Monday, October 14, 2013

HANDPRINTS SUGGEST THAT THREE-QUARTERS OF ANCIENT CAVE ART WERE LEFT BY WOMEN

Women made most of the oldest-known cave art paintings, suggests a new analysis of ancient handprints. Most scholars had assumed these ancient artists were predominantly men, so the finding overturns decades of archaeological dogma. Archaeologist Dean Snow of Pennsylvania State University analyzed hand stencils found in eight cave sites in France and Spain. By comparing the relative lengths of certain fingers, Snow determined that three-quarters of the handprints were female.

Archaeologists have found hundreds of hand stencils on cave walls across the world. Because many of these early paintings also showcase game animals-bison, reindeer, horses, woolly mammoths-many researchers have proposed that they were made by male hunters, perhaps to chronicle their kills or as some kind of "hunting magic" to improve success of an upcoming hunt. The new study suggests otherwise.

"In most hunter-gatherer societies, it's men that do the killing. But it's often the women who haul the meat back to camp, and women are as concerned with the productivity of the hunt as the men are," Snow said. "It wasn't just a bunch of guys out there chasing bison around."

Snow's study began more than a decade ago when he came across the work of John Manning, a British biologist who had found that men and women differ in the relative lengths of their fingers: Women tend to have ring and index fingers of about the same length, whereas men's ring fingers tend to be longer than their index fingers. One day after reading about Manning's studies, Snow pulled a 40-year-old book about cave paintings off his bookshelf. The inside front cover of the book showed a colorful hand stencil from the famous Pech Merle cave in southern France. "I looked at that thing and I thought, man, if Manning knows what he's talking about, then this is almost certainly a female hand,"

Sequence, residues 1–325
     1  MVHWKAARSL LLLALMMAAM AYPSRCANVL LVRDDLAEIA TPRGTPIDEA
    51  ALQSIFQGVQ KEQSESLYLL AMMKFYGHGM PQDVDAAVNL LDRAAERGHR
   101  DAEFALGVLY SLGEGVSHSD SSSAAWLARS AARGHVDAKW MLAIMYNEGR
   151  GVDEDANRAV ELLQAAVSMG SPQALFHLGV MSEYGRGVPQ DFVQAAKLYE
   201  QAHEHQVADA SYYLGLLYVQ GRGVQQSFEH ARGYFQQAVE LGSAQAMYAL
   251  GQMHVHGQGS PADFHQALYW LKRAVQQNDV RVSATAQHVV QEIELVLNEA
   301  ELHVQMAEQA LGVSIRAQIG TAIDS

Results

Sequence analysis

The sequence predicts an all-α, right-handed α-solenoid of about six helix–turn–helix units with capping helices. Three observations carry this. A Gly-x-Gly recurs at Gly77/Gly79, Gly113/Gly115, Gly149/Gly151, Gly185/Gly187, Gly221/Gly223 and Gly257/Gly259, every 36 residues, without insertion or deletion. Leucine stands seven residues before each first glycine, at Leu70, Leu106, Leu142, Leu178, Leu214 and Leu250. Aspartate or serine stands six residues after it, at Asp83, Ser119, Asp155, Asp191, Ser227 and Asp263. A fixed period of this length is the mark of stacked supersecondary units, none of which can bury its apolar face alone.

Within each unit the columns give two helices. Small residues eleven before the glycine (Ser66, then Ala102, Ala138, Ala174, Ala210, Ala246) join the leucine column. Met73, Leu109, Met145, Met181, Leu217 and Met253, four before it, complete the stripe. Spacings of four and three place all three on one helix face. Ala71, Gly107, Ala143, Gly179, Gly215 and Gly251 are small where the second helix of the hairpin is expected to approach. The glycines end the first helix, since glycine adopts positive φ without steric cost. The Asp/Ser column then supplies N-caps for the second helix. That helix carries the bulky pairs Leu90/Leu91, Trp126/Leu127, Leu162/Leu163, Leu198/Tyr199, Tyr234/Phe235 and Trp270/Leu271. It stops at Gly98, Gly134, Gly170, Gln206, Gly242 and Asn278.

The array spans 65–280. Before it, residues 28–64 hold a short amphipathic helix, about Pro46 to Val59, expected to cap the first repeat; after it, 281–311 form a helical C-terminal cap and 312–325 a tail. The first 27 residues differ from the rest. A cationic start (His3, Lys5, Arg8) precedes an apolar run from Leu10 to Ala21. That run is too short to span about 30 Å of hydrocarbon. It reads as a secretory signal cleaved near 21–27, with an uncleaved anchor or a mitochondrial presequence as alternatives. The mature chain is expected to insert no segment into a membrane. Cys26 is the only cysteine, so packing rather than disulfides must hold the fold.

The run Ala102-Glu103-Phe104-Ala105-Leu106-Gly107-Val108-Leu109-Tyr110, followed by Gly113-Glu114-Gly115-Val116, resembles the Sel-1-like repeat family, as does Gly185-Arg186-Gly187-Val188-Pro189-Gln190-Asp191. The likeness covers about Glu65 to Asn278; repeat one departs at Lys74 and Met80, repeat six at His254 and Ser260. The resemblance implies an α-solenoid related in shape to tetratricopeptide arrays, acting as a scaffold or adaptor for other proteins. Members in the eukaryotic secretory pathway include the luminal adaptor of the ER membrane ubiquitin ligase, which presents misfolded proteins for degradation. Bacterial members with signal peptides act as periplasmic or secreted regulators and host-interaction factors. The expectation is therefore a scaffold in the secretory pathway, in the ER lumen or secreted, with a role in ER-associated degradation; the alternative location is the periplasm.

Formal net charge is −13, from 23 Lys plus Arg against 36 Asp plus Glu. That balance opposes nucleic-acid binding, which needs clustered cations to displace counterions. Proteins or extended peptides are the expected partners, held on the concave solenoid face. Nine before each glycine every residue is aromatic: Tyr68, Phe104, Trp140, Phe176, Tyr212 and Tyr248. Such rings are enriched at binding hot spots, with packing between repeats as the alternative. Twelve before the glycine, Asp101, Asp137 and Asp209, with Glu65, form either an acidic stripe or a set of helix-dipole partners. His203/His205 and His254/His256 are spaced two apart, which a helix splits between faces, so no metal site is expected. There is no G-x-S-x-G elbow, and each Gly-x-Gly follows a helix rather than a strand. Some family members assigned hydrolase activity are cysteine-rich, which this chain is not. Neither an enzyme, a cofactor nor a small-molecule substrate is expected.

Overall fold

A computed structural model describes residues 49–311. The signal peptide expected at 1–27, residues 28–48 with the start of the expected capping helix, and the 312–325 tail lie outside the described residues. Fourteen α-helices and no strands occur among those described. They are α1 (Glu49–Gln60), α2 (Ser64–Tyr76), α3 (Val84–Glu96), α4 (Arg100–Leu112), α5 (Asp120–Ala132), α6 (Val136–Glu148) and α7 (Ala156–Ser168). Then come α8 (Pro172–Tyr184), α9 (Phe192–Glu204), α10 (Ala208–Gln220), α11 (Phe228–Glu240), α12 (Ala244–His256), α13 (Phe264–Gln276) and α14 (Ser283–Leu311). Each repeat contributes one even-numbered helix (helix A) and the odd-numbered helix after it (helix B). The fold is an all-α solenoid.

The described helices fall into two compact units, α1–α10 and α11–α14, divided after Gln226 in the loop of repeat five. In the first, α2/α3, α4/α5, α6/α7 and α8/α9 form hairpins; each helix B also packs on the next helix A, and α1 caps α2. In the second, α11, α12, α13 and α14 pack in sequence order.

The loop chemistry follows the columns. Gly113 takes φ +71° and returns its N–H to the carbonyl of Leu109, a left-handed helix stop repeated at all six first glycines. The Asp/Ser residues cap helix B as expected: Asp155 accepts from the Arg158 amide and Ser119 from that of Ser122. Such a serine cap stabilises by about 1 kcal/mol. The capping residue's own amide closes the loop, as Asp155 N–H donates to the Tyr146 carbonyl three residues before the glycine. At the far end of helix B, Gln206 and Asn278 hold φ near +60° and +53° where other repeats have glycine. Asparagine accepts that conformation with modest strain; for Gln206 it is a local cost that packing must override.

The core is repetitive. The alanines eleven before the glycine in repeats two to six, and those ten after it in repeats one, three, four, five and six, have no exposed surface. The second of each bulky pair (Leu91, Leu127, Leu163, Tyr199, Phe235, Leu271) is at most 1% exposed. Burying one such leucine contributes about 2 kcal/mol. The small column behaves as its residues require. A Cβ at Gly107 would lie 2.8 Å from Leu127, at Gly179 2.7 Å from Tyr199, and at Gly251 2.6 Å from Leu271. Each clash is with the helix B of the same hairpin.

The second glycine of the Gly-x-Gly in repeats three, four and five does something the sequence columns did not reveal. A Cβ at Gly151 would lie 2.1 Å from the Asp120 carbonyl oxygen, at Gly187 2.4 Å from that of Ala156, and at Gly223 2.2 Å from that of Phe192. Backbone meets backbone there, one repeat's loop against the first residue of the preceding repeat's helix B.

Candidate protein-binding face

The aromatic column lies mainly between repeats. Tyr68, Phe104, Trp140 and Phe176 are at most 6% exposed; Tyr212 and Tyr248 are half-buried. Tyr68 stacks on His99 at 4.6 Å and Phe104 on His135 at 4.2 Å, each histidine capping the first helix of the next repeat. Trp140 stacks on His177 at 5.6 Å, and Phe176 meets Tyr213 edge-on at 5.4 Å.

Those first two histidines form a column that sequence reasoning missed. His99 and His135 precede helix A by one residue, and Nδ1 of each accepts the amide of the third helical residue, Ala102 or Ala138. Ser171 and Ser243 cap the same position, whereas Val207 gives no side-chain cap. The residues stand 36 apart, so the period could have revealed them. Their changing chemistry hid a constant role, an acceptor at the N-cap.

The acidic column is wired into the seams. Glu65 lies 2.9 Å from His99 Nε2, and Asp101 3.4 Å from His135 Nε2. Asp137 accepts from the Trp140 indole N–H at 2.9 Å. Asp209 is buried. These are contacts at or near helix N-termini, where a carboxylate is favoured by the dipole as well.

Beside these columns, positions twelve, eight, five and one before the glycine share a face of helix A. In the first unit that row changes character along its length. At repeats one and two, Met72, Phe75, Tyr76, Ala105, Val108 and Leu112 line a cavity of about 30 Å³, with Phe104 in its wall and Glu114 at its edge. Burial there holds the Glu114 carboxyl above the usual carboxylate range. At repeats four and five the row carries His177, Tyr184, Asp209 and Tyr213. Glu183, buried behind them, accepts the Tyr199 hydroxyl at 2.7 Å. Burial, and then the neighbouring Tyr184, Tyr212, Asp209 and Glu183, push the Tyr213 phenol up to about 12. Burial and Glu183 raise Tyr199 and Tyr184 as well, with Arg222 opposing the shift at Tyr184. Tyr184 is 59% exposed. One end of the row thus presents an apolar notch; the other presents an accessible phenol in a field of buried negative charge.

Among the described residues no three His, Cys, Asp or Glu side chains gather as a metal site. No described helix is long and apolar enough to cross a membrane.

Snow recalled.

For the new study, out this week in the journal American Antiquity, Snow examined hundreds of stencils in European caves, but most were too faint orsmudged to use in the analysis. The study includes measurements from 32 stencils, including 16 from the cave of El Castillo in Spain, 6 from the caves of Gargas in France, and 5 from Pech Merle.

Snow ran the numbers through an algorithm that he had created based on a reference set of hands from people of European descent who lived near his university. Using several measurements-such as the length of the fingers, the length of the hand, the ratio of ring to index finger, and the ratio of index finger to little finger-the algorithm could predict whether a given handprint was male or female. Because there is a lot of overlap between men and women, however, the algorithm wasn't especially precise: It predicted
the sex of Snow's modern sample with about 60 percent accuracy. Snow's analysis determined that 24 of the 32 hands-75 percent-were female.

Some experts are skeptical. Several years ago, evolutionary biologist R. Dale Guthrie performed a similar analysis of Paleolithic handprints. His work-based mostly on differences in the width of the palm and the thumb-found that the vast majority of handprints came from adolescent boys.

"I think the article is a landmark contribution," said archaeologist Dave Whitley of ASM Affiliates, an archaeological consulting firm in Tehachapi, California. Despite these handprints being discussed for half a decade, "this is the first time anyone's synthesized a good body of evidence." Whitley rejects Guthrie's idea that this art was made for purely practical reasons related to hunting. His view is that most of the art was made by shamans who went into trances to try to connect with the spirit world. "If you go into one of these caves alone, you start to suffer from sensory deprivation very, very quickly, in 5 to 10 minutes," Whitley said. "It can spin you into an altered state of consciousness." The new study doesn't discount the shaman theory, Whitley added, because in some hunter-gatherer societies shamans are female or even transgendered.

http://news.nationalgeographic.com/news/2013/10/131008-women-handprints-oldest-neolithic-cave-art/

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